The development of the Colombian renewable energy industry began in 2014, when Law 1715 was instituted to grant VAT and import tariffs exemptions for renewable energy facilities. The PV sector, which used to depend on net metering scheme, has seen government’s investment in large-scale projects on the strength of decreasing solar costs. In 2017, Colombia’s first utility-scale solar plant, which has an installed capacity of 9.8 MW, came online.
Then with a stated goal of installed renewable energy capacity to achieve under the NDP 2018-2022 and the continued efforts of the newly elected government to develop renewables came the introduction of Law 30 in August 2018, which simplifies the procedure for commissioning distributed generation projects and helps owners of PV systems better understand how power stations and subsidy scheme work.
In October, the Colombian government concluded the country’s first large-scale renewable energy auction with 1.3 GW of projects being procured. The tender awarded 350 MW of solar to Trina Solar and allocated 950 MW of wind at a final average bid price of COP 95.65/kWh (USD 0.028/kWh). The winning eight projects include three solar parks and five wind power plants, and they are entitled to a 15-year PPA and must be connected to the grid by 2022.
Since the amount of renewable energy capacity allocated through the auction is bringing Colombia closer to the renewable energy goal of 1.5 GW set by the NDP 2018-2022, the government is not likely to issue another tender for the short term, but focuses on completing the tendered projects until 2022.
From January to August, Colombia imported 65 MW of Chinese modules; this small import volume of modules might be used largely in independent-power-producer and distributed generation projects. With the recent completion of a large-scale auction, module pull-in will probably begin to take place next year. So, more Chinese modules would be shipped to Colombia next year.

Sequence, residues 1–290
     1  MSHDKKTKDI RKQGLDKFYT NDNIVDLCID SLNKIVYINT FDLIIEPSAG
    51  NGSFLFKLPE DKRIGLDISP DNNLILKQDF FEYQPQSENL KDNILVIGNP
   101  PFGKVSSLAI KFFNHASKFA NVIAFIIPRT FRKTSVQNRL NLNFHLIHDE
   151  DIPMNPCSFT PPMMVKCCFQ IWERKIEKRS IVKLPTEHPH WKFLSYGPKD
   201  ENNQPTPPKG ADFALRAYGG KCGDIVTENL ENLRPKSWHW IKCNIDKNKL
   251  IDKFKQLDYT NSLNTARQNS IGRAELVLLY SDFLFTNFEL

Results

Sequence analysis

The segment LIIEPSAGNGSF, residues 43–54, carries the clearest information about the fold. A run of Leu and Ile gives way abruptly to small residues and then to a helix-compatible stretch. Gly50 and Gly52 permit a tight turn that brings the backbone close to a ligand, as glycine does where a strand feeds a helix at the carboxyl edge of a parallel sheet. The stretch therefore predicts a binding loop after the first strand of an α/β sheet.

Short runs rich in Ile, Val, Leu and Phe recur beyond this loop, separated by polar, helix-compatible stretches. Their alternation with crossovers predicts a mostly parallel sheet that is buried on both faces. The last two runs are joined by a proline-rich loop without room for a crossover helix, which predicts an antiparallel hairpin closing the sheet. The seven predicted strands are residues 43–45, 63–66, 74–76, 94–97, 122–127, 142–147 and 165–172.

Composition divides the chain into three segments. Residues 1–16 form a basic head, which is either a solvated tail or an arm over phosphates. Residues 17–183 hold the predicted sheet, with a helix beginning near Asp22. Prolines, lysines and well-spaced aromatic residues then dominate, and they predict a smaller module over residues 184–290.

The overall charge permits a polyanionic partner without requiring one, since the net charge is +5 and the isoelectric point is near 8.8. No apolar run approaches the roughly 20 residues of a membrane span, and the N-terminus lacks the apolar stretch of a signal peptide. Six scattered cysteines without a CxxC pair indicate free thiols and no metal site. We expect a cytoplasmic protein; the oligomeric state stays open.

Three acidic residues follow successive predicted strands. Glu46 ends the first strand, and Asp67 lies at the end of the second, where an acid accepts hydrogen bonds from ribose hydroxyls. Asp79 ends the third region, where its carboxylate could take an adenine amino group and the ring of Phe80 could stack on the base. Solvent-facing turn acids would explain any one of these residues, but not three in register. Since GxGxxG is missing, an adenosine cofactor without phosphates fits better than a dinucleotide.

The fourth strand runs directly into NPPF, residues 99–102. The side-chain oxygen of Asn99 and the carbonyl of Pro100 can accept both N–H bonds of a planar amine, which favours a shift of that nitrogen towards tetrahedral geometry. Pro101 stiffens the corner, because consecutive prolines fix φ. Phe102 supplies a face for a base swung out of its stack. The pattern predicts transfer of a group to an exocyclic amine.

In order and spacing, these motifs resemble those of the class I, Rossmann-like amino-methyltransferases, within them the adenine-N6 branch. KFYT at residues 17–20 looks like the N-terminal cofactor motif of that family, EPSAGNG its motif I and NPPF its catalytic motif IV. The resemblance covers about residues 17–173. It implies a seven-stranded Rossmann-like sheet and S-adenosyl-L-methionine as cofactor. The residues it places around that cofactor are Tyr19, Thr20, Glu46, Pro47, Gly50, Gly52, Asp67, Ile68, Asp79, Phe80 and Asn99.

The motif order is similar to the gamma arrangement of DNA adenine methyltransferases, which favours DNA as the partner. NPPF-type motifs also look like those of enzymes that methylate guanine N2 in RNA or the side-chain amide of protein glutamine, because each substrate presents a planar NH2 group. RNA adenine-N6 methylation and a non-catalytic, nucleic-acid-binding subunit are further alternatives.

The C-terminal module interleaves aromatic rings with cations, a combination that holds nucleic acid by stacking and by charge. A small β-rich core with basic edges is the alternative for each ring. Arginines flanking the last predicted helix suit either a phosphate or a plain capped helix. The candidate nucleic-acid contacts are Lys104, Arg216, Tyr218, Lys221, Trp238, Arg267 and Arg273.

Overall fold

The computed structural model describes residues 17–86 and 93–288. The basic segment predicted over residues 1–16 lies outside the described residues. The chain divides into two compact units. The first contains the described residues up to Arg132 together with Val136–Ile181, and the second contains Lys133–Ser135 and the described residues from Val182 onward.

Colombia pledges to achieve 1.5 GW of installed renewable energy capacity by 2022. The newly elected government has reformed the policy for distributed projects and hosted the nation’s first large-scale renewable energy auction, which has assigned 1.3 GW of capacity.
Chinese modules shipped to Colombia was mostly intended for use in IPP and distributed projects. Module pull-in in preparation of these projects—which were just allocated after the auction ended in October and will entail planning, financing, and PPA signing before they get off the ground—may not manifest itself until next year. The pull-in is likely to intensify as the deadline for the renewable energy goal approaches
Taking all things into consideration, the Colombian PV market has potential for development. Yet, since Colombia is coming close to achieving its 2022 goal of renewable energy capacity thanks to a recent auction, there would not be any additional auction for the short term and the government will focus on having the auctioned projects installed and commissioned. Moreover, it remains to be seen whether Venezuela’s economic woes, which are undermining Colombia’s economic growth, will have any impact on the development of the Colombian renewable energy industry.